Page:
Artificial Intelligence: Foundations of Computational Agents,  2nd Edition

Chapter 5 Propositions and Inference

For when I am presented with a false theorem, I do not need to examine or even to know the demonstration, since I shall discover its falsity a posteriori by means of an easy experiment, that is, by a calculation, costing no more than paper and ink, which will show the error no matter how small it is …
And if someone would doubt my results, I should say to him: ”Let us calculate, Sir,” and thus by taking to pen and ink, we should soon settle the question.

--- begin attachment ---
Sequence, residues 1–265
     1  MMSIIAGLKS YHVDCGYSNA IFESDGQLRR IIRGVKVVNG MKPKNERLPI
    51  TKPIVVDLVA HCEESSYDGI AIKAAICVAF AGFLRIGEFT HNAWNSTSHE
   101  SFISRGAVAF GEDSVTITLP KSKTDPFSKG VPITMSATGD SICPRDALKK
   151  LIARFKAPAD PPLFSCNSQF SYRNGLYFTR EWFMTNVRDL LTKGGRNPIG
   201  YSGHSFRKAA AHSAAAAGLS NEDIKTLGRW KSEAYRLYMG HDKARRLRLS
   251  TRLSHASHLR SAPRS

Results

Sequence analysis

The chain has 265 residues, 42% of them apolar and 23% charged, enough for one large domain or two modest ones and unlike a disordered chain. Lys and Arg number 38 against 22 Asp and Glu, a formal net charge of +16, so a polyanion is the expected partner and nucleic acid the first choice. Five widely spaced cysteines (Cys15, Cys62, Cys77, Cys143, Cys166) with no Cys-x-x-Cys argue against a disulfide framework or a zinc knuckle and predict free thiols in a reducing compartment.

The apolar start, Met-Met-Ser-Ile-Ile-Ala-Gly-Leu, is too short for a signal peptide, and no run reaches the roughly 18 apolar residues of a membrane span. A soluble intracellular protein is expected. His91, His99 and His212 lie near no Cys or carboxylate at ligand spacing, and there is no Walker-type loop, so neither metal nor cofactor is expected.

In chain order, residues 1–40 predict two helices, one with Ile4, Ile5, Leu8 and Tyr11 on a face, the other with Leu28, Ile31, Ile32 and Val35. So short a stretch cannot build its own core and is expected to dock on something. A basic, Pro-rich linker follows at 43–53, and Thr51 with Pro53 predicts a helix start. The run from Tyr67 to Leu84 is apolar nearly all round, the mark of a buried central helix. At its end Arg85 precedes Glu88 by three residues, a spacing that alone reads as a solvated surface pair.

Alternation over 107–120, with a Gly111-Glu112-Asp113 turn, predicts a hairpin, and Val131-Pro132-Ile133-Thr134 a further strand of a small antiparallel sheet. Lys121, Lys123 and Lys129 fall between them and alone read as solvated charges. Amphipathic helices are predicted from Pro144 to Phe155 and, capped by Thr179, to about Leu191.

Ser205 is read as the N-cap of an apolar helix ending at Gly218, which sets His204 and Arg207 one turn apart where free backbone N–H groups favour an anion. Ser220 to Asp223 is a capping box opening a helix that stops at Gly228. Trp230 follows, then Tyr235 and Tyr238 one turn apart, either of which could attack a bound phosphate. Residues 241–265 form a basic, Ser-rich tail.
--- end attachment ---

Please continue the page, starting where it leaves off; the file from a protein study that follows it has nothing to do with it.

– Gottfried Wilhelm Leibniz [1677]

This chapter considers a simple form of a knowledge base that is told what facts and rules hold in the world. An agent can use such a knowledge base, together with its observations, to determine what else must be true in the world. When queried about what must be true given a knowledge base, it answers the query without enumerating the possible worlds, or even generating any possible worlds. This chapter presents a number of reasoning formalisms that use propositions. They differ in what is being proved, what background knowledge must be provided, and how observations are handled.